70th Venice Film Festival day four: Child of God, Parkland and Palo Alto
The fourth day of screenings at the Venice Film Festival was dominated by actor-turned-director James Franco, who also directed a movie in the competition. Presentations included Child of God by James Franco (in competition), Parkland by Peter Landesman (in competition) and Palo Alto by Gia Coppola (Orizzonti).
James Franco has become a well-known Hollywood star, but there’s more than meets the eye: he is a painter, author, screenwriter, producer and director of films. Child of God is his latest directorial work, based on the novel of the same title by Cormac McCarthy.
The film stars a revelatory Scott Haze, who delivers a terrific performance, certainly worth the Coppa Volpi award for best actor.
The story revolves around outcast Lester Ballard who, in the 1960s, causes disorder in a Tennessee town with his unruly and troublesome behaviour, which quickly degenerates into very dangerous criminality.
Scott Haze went to live in a cabin in the woods for over a month in order to prepare for the role, taking Heath Ledger’s Joker and De Niro’s Travis as models.
Franco’s direction follows Lester’s state of mind: it’s raw and brutal but there are also moments of sympathy. The picture has some very slow points, but it’s all part of the process of understanding the bizarre world of the protagonist – who is a “child of God, much like yourself perhaps.”
If you haven’t studied 1960s American history or aren’t from Dallas, the name Parkland might not ring any bells. Parkland Memorial Hospital is the health care institution where John Fitzgerald Kennedy was taken right after being shot at the motorcade by a sniper. He died there and so did his assassin Lee Harvey Oswald two days later.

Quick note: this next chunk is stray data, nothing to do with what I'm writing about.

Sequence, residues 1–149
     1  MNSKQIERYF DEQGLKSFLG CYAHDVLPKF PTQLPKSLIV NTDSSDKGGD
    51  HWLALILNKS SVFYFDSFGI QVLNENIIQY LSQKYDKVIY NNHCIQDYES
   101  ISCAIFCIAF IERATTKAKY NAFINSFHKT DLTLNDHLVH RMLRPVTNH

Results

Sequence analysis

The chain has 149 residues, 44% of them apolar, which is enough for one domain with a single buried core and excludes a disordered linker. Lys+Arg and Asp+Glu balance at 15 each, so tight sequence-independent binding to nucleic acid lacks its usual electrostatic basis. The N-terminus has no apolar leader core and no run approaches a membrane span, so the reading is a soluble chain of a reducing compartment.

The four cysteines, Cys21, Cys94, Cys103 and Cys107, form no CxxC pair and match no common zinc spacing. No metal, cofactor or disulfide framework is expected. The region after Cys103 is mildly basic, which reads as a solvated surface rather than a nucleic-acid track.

However, this isn’t another movie about the two notorious men –Peter Landesman has directed a movie about all the people around them. The effort of the doctors (Zac Efron as Jim Carrico), the embarrassment and anger of the FBI agents (Billy Bob Thornton as Forrest Sorrels), the shock of Abraham Sapruder (Paul Giamatti), who incidentally made the most important video of the infamous event, and the brother and mother of Oswald. Everyone has his place and his share of responsibility in this ensemble movie that explores the effects of Kennedy’s death on the everyday people who were touched by it.
The narration is smooth and the cinematography mixes well with the ample original footage from 1963.
Being the niece of Sofia Coppola could be helpful in attracting interest for a project, but it could also be a burden. Gia’s debut movie is brilliantly shot, based on the short stories by James Franco – who also produced and featured in it.
Palo Alto depicts the story of a group of adolescents from Palo Alto, California, who are living with the typical confusion of their age.
April (Emma Roberts) is in love with Teddy (Jack Kilmer) and he is in love with her, but it’s much easier for them to engage in casual encounters with people they don’t care about than express their feelings for one another. This is the main theme of the movie: a generation that finds it simpler to dispose of their bodies than attempt to establish profound relationships.
The movie also stars Val Kilmer as April’s stepfather and James Franco as the coach of the female soccer team, who shows a special interest in April.
At times Palo Alto looks like a 90-minute fashion film – there is an artsy feel to the work, with several beautiful sequences – however, it also lacks the substance that a feature film should carry. Though interesting and entertaining, it won’t linger much after viewing.
Filippo L’Astorina, the Editor
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